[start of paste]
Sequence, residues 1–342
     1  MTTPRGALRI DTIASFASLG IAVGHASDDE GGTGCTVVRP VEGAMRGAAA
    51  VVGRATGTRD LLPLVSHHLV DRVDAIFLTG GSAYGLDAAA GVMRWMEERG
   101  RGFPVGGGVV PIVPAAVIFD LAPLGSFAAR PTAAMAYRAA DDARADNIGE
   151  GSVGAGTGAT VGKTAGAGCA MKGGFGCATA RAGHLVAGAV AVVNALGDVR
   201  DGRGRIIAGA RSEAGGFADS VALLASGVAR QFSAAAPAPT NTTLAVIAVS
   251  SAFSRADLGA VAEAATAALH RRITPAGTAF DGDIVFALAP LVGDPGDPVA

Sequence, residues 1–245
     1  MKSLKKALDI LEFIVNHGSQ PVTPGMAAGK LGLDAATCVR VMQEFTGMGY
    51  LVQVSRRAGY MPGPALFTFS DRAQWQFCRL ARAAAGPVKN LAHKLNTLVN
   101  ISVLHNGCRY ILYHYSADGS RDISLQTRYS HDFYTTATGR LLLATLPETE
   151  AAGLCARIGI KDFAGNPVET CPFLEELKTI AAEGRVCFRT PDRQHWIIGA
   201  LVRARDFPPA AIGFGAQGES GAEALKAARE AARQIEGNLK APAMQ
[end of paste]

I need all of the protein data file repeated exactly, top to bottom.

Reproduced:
Sequence, residues 1–342
     1  MTTPRGALRI DTIASFASLG IAVGHASDDE GGTGCTVVRP VEGAMRGAAA
    51  VVGRATGTRD LLPLVSHHLV DRVDAIFLTG GSAYGLDAAA GVMRWMEERG
   101  RGFPVGGGVV PIVPAAVIFD LAPLGSFAAR PTAAMAYRAA DDARADNIGE
   151  GSVGAGTGAT VGKTAGAGCA MKGGFGCATA RAGHLVAGAV AVVNALGDVR
   201  DGRGRIIAGA RSEAGGFADS VALLASGVAR QFSAAAPAPT NTTLAVIAVS
   251  SAFSRADLGA VAEAATAALH RRITPAGTAF DGDIVFALAP LVGDPGDPVA

Sequence, residues 1–245
     1  MKSLKKALDI LEFIVNHGSQ PVTPGMAAGK LGLDAATCVR VMQEFTGMGY
    51  LVQVSRRAGY MPGPALFTFS DRAQWQFCRL ARAAAGPVKN LAHKLNTLVN
   101  ISVLHNGCRY ILYHYSADGS RDISLQTRYS HDFYTTATGR LLLATLPETE
   151  AAGLCARIGI KDFAGNPVET CPFLEELKTI AAEGRVCFRT PDRQHWIIGA
   201  LVRARDFPPA AIGFGAQGES GAEALKAARE AARQIEGNLK APAMQ